DAM representatives aver that it was their understanding as well as the Team's that if the Small Cap Team were to take over the Banker's Trust portfolios, the 50% compensation scheme spelled out in the 1999 contract would not apply to revenues generated by the Banker's Trust assets. Weinreich Dep. at 80-81; Grohowski Dep. at 88; Kausch Dep. at 145-46; Weinrich Decl. ¶ 7. Josh Weinreich was the Co-Head of the Private Bank of Bankers Trust immediately before the merger. After the merger, he became Co-Head of the Americas for Deutsche Asset. Weinrich swears that while he and the Small Cap Team discussed the possibility of the Team managing the Bankers Trust's small cap assets, he told them that "under no circumstances" would the Team be compensated pursuant to the 50% compensation scheme that applied to the MGCM small cap portfolios and that he would not transfer the Bankers' assets to the Team's management if the 50% scheme applied. See Weinreich Decl. at 3.

  C. Discussions regarding Team compensation in the face of Baratta's departure and the Team's management of the Bankers Trust portfolios

  When the merger occurred thereafter in early June, the Team took over management of Bankers Trust small cap assets. Callaghan Dep. at 118. According to Callaghan, the parties had not reached an agreement as to what compensation the Team would receive for doing so. Id. According to Jeanne Kausch, DAM's head of Human Resources, Leo Grohowski, Callaghan's direct supervisor and Regional Chief Investment Officer, and Weinreich, DAM did not understand the 50% scheme to apply to the Bankers Trust Assets. Callaghan Dep. at 86, Grohowski Dep. at 12, 88; Barr Dep. at 13, Kausch Dep. at 145-46, 172-73, 196-99; Weinreich Dep. at 81-82; Weinreich Decl. 5-7.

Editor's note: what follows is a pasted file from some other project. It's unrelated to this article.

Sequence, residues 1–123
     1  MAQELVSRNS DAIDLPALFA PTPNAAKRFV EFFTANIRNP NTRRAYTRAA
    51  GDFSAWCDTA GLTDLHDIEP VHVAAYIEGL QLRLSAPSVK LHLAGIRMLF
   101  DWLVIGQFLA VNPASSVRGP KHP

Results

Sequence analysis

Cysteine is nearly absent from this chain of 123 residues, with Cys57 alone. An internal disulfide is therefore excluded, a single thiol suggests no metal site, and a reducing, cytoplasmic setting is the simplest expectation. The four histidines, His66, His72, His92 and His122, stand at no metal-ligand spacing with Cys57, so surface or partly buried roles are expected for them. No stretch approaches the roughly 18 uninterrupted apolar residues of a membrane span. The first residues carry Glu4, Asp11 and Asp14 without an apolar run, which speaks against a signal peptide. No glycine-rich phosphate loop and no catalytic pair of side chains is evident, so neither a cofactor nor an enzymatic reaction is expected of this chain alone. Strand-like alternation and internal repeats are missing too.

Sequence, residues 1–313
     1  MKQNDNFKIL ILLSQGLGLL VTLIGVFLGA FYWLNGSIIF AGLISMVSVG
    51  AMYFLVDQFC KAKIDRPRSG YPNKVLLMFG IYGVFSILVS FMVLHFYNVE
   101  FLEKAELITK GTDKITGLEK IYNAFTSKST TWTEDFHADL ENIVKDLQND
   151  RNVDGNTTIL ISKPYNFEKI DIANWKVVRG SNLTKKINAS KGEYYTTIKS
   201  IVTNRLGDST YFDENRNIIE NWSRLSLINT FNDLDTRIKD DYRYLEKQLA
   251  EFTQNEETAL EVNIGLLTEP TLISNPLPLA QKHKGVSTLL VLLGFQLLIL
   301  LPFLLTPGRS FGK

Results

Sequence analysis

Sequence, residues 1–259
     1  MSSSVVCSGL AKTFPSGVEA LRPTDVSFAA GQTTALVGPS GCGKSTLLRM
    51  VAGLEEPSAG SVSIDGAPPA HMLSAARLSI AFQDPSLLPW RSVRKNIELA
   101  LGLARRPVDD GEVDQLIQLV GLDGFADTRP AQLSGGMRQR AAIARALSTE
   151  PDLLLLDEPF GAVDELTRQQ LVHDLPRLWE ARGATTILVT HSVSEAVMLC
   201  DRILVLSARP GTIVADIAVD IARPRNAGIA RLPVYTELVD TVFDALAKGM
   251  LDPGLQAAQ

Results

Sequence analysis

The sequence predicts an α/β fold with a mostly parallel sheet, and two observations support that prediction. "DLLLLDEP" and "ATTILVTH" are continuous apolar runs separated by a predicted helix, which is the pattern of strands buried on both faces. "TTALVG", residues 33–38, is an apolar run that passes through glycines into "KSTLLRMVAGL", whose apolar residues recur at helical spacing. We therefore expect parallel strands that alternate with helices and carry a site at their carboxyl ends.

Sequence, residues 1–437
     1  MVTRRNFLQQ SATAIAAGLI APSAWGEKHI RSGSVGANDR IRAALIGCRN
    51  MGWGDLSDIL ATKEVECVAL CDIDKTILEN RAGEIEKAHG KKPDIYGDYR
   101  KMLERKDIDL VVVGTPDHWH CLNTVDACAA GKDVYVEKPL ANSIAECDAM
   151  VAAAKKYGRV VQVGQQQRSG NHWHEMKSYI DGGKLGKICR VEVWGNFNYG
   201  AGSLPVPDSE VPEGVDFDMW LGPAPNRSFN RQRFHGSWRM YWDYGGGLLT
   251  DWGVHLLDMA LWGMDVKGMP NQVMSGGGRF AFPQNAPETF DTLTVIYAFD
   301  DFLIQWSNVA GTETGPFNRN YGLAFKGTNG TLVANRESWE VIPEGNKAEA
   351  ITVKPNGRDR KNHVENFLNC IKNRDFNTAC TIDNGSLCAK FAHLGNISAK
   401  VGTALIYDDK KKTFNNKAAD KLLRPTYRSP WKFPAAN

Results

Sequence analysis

At approximately the same time as the merger in early June 1999, Baratta resigned his position with DAM, thereby raising the question of Jones' and Callaghan's compensation as the two remaining members of the Small Cap Team. Pursuant to the terms of Callaghan's 1999 employment contract (incorporating, by reference, the relevant provisions of the 1997 contract), with the departure of any Team member from the Team, "in the event the Co-Managers of the team and MGCM cannot reach agreement on the allocation of the aggregate compensation, the allocation shall be determined by the Chairman of the Board of MGCM, whose determination will be final." Callaghan Dep., Exhibit 7. Kausch testified that there was "a debate about what to do when Baratta left" and there were "differences of opinion as to what was called for." Kausch Dep. at 102. Specifically, "[a]t the time David Baratta resigned in approximately June of 1999, there was an issue as to whether the 1999 agreement between MGCM and the Small Cap Team (defined as Baratta, Callaghan and Audrey Jones) required that the remaining members of the Small Cap Team would split the share left on the table by the departing number, or rather contemplated that the remaining share could be held in reserve in the event a new member of the team had to be hired." Kausch Decl. ¶ 6 (February 25, 2003). On June 15, 1999 Jeanne Kausch sent Jones and Callaghan a letter via email. The email reads: "Attached is a draft for your review . . . After verbal agreement from you both that this is agreed, I will produce a hard copy memo to each of you for your files." Callaghan Dep., Exhibit 9. The letter, which is marked "draft", begins: `This letter outlines the compensation agreement between you and Deutsche Asset Management and replaces all prior compensation agreements between you and Morgan Grenfell except noted herein." Id The letter provides that with the departure of Baratta from the Team, Jones and Callaghan would each receive 16.5% of total revenues from current Morgan Grenfell assets [i.e., a larger share than they received before Baratta resigned his position] but that "assets from the Bankers Trust Small Cap portfolio will not be combined with those currently under your management for purposes of evaluating the investment performance under the terms of the March 9 letter." Id. The letter also increased Jones and Callaghan's minimum compensation for 1999 to $750,000. In contrast to 1999, for the years 2000 and beyond, "revenues from Bankers Trust's Small cap portfolio will be included in the calculation."